Broad Partnership celebrated Upper Carlson restoration project with May 14 site tour
A multi-year effort to reconnect the Snoqualmie River to 50 acres of its historic floodplain near Fall City is finished, and the broad partnership that was assembled to complete the Upper Carlson restoration project celebrated with an event and tour at the site on May 14.
The work was done on King County’s Fall City Natural Area – a 50-acre forested floodplain that historically contained the Snoqualmie River’s main stem. The project included removing roughly 1,600 linear feet of aging levee that constrained the river to an unnaturally narrow channel. As natural processes are restored, gravel bars and log jams will form, providing additional salmon habitat.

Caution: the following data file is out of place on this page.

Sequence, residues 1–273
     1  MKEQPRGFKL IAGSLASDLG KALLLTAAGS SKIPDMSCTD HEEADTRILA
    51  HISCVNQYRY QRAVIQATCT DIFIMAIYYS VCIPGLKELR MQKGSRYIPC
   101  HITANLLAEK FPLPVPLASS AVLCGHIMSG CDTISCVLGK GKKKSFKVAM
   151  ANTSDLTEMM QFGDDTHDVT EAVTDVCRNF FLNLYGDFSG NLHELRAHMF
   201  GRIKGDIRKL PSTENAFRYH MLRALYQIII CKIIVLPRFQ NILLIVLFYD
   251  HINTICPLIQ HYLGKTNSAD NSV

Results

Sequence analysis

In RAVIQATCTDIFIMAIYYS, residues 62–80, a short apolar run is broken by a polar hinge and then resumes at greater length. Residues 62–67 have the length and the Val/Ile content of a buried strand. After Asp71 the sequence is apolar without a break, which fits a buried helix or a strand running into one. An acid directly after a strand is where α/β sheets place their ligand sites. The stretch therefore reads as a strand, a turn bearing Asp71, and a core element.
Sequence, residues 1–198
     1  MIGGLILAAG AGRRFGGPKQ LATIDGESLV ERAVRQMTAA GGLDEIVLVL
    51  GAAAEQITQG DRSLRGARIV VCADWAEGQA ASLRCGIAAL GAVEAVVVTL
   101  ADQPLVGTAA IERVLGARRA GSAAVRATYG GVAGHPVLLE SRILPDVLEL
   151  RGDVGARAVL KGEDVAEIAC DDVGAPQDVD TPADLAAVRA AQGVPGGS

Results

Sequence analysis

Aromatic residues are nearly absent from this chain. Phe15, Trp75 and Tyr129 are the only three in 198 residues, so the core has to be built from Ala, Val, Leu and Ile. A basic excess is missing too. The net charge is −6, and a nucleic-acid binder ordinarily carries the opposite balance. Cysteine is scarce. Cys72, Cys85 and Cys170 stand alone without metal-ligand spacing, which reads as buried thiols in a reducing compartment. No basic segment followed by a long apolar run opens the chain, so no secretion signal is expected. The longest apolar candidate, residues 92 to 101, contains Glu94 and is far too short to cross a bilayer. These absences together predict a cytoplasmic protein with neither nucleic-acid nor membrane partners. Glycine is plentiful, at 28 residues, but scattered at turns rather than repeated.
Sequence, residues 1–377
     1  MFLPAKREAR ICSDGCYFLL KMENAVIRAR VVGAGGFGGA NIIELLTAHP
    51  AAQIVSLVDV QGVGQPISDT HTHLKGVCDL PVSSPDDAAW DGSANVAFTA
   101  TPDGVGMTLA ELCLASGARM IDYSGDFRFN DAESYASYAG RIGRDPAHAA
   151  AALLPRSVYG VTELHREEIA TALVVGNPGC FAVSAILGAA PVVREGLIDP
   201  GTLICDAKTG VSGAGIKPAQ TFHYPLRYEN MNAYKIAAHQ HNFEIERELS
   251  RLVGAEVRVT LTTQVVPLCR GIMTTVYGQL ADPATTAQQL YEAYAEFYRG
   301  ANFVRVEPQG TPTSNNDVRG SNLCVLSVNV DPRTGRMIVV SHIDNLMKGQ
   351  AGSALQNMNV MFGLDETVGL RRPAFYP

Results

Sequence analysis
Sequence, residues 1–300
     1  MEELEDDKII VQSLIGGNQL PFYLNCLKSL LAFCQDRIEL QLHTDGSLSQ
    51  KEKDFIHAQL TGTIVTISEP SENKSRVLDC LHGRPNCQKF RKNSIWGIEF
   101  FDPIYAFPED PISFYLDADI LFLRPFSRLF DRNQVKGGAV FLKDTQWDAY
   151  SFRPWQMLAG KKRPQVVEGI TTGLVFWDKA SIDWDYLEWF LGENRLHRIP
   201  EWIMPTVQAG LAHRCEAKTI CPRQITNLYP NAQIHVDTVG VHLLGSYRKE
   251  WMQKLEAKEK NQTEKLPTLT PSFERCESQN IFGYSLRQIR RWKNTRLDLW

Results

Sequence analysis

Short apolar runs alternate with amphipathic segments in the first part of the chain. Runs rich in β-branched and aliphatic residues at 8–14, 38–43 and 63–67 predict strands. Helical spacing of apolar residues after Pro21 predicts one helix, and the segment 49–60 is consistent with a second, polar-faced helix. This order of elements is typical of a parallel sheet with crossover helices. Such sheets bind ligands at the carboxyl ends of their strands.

To maintain protection for nearby homes, roads and fertile farmland, project managers designed and installed log structures and a new 850-foot-long rock structure at the lower end of the site to provide additional protection where the river is most likely to migrate.